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Jordan Is Having Its Wheeled Tank Destroyers Upgraded

November 17, 2018

A Centauro of the Royal Jordanian Army.

The Spanish manufacturer Star Defense Logistics & Engineering (SDLE) will have an important role in the future of the Royal Jordanian Army after it won a contract for reactivating surplus Centauro wheeled recce vehicles/tank destroyers. The desert kingdom’s ground forces were reorganized earlier this year and longstanding armor units are being reassigned Centauros that were purchased from Italy. The Centauro is based on an 8×8 Freccia APC carrying a turret armed with a 105mm gun and is used for reconnaissance missions.

Centauros are quite rare in the Middle East and Jordan’s acquisition of 141 was meant as a replacement for its older main battle tanks.

In a press released shared by SDLE the company revealed it was sending “between 10 and 20” technicians to assist the Royal Jordanian Army’s adoption of 80 Centauros. The remaining vehicles are believed to be kept in storage for spare parts. SDLE refused to disclose the exact value of the “multi-million” Centauro contract but it acknowledged the project will have input from Iveco-Oto Melara, the original Italian manufacturer of the Centauro. SDLE also mentioned it was “committed to the Jordanian Army” in providing life cycle support for the vehicles.

SDLE hasn’t commented on whether it’s pursuing other deals in the country for maintenance and spare parts needed by the army’s 103 Scimitar tracked recce vehicles; several hundred M113 APCs; its 300-odd YPR-765 and Marder IFVs; 358 M109 155mm self-propelled howitzers; and at least several hundred Humvees. From its main office in the outskirts of Madrid, SDLE specializes in repairs and upgrades for NATO armored vehicles and is the sole remaining manufacturer of the Dragoon multirole 4×4 in Western Europe.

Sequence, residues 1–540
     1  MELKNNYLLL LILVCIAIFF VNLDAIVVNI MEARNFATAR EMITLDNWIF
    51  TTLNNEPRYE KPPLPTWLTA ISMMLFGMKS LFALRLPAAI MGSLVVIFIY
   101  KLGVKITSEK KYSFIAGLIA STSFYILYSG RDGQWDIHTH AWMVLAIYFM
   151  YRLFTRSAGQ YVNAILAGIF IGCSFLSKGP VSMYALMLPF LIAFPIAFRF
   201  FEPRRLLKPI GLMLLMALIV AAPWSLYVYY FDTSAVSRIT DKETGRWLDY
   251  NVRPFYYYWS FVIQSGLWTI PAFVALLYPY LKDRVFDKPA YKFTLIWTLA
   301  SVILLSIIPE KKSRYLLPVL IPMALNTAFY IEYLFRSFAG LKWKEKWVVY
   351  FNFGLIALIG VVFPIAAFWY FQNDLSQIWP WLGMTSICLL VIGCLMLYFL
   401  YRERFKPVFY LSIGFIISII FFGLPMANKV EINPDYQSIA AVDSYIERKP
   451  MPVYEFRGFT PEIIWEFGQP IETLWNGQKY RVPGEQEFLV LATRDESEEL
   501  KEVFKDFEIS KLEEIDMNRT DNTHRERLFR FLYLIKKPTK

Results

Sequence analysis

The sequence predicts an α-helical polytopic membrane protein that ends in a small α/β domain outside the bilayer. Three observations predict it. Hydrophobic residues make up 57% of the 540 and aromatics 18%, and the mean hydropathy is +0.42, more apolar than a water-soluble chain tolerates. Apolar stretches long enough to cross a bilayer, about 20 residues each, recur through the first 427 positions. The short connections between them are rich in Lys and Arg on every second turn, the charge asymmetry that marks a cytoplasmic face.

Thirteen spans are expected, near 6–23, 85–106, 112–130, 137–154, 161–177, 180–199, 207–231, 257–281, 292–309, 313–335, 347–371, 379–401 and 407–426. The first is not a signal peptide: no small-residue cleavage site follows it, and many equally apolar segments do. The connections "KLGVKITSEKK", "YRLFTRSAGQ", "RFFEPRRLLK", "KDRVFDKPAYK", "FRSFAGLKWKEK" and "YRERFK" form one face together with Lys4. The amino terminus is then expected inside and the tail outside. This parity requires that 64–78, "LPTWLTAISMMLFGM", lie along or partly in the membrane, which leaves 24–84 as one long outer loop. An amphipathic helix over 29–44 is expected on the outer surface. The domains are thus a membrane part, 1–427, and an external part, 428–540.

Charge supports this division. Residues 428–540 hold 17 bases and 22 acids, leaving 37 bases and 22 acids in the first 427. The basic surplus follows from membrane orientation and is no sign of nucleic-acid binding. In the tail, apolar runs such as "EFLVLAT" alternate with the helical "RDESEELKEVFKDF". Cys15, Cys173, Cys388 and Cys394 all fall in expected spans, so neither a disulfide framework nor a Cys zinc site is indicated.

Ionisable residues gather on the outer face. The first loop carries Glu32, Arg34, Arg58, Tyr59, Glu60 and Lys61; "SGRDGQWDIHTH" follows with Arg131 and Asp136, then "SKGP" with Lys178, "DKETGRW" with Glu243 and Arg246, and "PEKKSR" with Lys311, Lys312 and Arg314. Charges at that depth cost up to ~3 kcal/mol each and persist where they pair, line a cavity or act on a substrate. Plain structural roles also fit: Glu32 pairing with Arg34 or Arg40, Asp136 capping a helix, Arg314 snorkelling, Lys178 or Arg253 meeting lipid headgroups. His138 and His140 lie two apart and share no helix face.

Despite having a smaller budget compared to its neighbors in the Gulf the Jordanian army are better equipped with British and US-made kit. On paper, the army does boast several hundred second and third-generation tanks (these include mothballed Centurions and Chieftains) but since last year the fleet is being depleted as the older Challenger 1 MBTs–hand-me-downs from the British Army–are retired for lack of maintenance. The disappearance of the Challengers leaves the army with 182 M60A3 Pattons upgraded to the Phoenix standard by the state-owned KADDB. The arrival of 80 Centauros should bolster the armored fleet in the 2020s.

The kingdom’s military spending in 2017 totaled $1.63 billion with US military aid, or Foreign Military Assistance (FMA), pegged at just $350 million. These are paltry sums when the military spending of countries it shares borders with are assessed. Israel, for example, gave a $18.5 billion budget to the IDF in the same year and this was inflated by an additional $3.1 billion in US military aid. Iraq’s military spending was even higher in 2017 at $19.3 billion while Saudi Arabia has sunk an estimated $200 billion into its military since 2015.

Of course, these glaring disparities can be explained by the fact Jordan has a smaller economy and doesn’t have steady fossil fuel exports to balloon its spending. It isn’t at war either and is relatively stable while the rest of its neighborhood is mired in conflict.

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